An influential jihadist who served as the mufti, or top religious figure, for the Islamic Movement of Uzbekistan and who defected to the Islamic State’s Khorasan province has denounced his new group and apologized for remaining silent on its misdeeds in the region. The defection is the latest blow to a weakening Islamic State, which is losing ground in Iraq, Syria, and Libya, and is struggling to maintain a foothold in Afghanistan and Pakistan.
Abu Dher al Barmi, the Islamic Movement of Uzbekistan (IMU) mufti who is also known as Abu Dher Azzam, disavowed the Islamic State in an Uzbek-language file uploaded onto YouTube by “a media group opposed to the Islamic State,” according to the SITE Intelligence Group, which translated the audio. Al Barmi had previously been featured in IMU propaganda.
Al Barmi said that he joined the Islamic State in 2014 as he was “among those who were influenced” after Abu Bakr al Baghdadi declared the establishment of the caliphate. However, he quickly soured on the Islamic State.
“But after a year, I learned of many evil deeds within this group, such their killing the Muslims on charges that lack evidence, and their issuing of fatwas against those who did not join their group,” Al Barmi stated. “After their fatwa was issued in Khorasan in which they infidel-branded the Taliban, who have waged jihad for nearly 40 years against the Russians, the Americans, and their agents, it pained my heart!”
After denouncing the Islamic State, al Barmi apologized for remaining silent.
“My first mistake was endorsing them, and the second mistake was delaying in informing the Ummah about the truth!” he said.
He also appealed to “our brothers who came from Central Asia” to reject the Islamic State and to not use his previous declaration of support as a “pretense” to remain with the group.
“Do not to take my past words as a pretense, and do not make me a reason for your going to the State group! Do not make me a reason for your saying that this Caliphate is a true Caliphate!,” al Barmi pleaded.
The “brothers who came from Central Asia” that al Barmi are referring to are likely members of the IMU that defected to the Islamic State. A segment of the IMU followed its last emir, Usman Ghazi, pledged allegiance to the Islamic State in August 2015.
Ghazi’s IMU faction joined with a cadre of disaffected Afghan and Pakistan Taliban commanders who established the Islamic State’s Khorasan province, which encompasses Afghanistan, Pakistan, areas in South and Central Asia. After its establishment, Khorasan province denounced the Afghan Taliban as a Pakistani proxy force and waged war on the group. Khorasan province was all but wiped in Helmand, Zabul, and Farah provinces. Ghazi is thought to have been killed in fighting in Zabul. It maintains a tenuous foothold in Nangarhar, where it is besieged by both the Taliban and US and Afghan forces.
Al Barmi also encouraged the “brothers” to join one of the “many groups who are following the truth and the correct method” and “do jihad with it.” He is likely referring to the Taliban, al Qaeda, the Turkistan Islamic Party, and the recently reestablished Islamic Movement of Uzbekistan.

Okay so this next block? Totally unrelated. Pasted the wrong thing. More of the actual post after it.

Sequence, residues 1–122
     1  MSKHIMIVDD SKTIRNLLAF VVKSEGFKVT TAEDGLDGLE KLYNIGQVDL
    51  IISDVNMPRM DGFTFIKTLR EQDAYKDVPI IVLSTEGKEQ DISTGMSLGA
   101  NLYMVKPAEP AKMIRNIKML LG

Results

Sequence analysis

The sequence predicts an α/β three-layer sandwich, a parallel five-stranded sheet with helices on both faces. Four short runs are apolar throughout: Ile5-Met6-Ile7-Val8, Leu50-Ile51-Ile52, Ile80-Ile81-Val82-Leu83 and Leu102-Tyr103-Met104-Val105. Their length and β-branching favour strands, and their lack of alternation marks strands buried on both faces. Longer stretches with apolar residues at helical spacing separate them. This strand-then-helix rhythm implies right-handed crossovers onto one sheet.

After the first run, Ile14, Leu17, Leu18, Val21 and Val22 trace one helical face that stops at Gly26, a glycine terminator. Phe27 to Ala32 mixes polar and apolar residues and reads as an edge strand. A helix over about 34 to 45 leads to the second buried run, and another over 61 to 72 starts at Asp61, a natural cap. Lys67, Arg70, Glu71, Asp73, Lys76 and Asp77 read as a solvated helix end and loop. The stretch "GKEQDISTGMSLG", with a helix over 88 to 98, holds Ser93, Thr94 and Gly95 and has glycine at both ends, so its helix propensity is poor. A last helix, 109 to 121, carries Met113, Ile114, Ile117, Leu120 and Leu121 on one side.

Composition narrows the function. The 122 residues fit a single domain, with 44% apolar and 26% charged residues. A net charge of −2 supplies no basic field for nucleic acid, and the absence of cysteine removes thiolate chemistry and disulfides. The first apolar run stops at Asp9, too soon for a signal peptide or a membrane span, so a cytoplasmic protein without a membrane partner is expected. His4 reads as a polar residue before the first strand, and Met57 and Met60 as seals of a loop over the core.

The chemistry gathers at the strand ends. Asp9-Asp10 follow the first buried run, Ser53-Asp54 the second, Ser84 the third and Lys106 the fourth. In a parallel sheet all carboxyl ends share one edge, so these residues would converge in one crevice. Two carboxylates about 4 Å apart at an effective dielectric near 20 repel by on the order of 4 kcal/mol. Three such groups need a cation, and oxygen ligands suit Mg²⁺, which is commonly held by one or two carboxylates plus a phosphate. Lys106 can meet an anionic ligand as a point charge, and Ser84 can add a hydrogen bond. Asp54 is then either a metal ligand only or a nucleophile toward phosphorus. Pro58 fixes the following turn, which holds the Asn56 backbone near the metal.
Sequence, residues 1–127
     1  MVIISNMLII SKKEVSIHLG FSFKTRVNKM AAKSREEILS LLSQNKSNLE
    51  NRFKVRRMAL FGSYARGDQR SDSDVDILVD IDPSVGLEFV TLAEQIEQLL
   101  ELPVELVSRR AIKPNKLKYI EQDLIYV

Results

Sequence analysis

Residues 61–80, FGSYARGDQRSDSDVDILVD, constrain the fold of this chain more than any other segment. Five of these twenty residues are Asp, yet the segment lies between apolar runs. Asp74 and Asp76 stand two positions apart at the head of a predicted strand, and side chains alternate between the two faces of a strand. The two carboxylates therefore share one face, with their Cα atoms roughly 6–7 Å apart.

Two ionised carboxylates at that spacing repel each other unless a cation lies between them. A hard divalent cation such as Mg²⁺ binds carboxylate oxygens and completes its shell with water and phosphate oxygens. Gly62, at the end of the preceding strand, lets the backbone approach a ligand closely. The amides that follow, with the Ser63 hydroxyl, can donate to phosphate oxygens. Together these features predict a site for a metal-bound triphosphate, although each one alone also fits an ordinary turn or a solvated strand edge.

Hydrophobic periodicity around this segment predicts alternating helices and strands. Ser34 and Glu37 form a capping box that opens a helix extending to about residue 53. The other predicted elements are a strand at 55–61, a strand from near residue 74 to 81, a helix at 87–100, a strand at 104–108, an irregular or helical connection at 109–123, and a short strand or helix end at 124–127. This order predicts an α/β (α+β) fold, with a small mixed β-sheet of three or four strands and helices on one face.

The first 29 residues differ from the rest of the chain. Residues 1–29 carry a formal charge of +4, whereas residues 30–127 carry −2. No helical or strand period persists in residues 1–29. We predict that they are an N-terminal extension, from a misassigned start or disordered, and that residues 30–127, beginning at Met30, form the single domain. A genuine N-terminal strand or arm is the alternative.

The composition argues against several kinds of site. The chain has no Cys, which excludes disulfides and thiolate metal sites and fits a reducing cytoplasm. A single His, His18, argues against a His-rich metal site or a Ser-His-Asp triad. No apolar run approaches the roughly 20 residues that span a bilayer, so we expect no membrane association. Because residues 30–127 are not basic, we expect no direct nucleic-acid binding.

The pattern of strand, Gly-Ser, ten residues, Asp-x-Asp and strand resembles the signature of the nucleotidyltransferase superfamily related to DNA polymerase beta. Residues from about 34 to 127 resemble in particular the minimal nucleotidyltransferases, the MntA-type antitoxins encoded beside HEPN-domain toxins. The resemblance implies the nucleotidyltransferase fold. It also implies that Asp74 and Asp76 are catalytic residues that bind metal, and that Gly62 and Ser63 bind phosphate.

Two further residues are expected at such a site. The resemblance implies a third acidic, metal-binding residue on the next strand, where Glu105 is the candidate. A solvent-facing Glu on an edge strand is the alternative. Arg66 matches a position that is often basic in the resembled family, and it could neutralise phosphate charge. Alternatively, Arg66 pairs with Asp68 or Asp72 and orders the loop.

It is unclear if al Barmi has rejoined the IMU. After Ghazi and his followers defected to Khorasan province along with the group’s media arm, the faction that remained loyal to the Taliban and al Qaeda went silent. In June 2016, however, the IMU re-emerged and explained its absence, rejected the Islamic State, and said it would continue to fight alongside the Taliban. [See LWJ report, Islamic Movement of Uzbekistan faction emerges after group’s collapse.]
Al Barmi is the latest ranking figure to publicly denounce the Islamic State’s Khorasan province and accuse it of wanton brutality. In July 2016, Abdul Rahim Muslim Dost, a former Guantanamo Bay detainee who defected from the Taliban and became a top spokesman and recruiter, condemned the Islamic State for its senseless violence and called the emir of Khorasan province “illiterate.” In April 2016, several members of the Islamic State Khorasan province’ “central council” as well as other senior and mid-level leaders based in the eastern Afghan province of Nangarhar broke their oath to Abu Bakr al Baghdadi and rejoined the Taliban. The defectors, like Dost, accused the Islamic State of a rash of crimes. [See LWJ reports, Ex-Gitmo ‘poet’ and committed jihadist denounces Islamic State for attacks on civilians and Senior Islamic State Khorasan leaders defect to Taliban.]
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this is what we in the west call “knowing when to jump ship, again.”. seems to be the thing to do lately. obviously seeing the writing on the wall and such. the “cali” not exactly being the place to hang out.this was all they could do, go back to the taliban or al queda and kiss lots of butt for forgiveness. will IS just let them walk? maybe make an example? it will be quite the show if worse decisionsare made.
This goes to show that although the taliban alqaeda and allied groups are extremists, they have a more civilized outlook.
The progpaganda of these groups for example does not relish gore, or gloat in wanton violence just for the sake of violence and shock value.
There is no negotiating or finding common ground with A group like daesh, where as the others certaibly appear more pragmatic and on the exterior at least, are more cobsiderate of the locals needs.
A man is a good as is word. The crusaders were victorious only because of their bickering and betrayals and it hasn’t changed.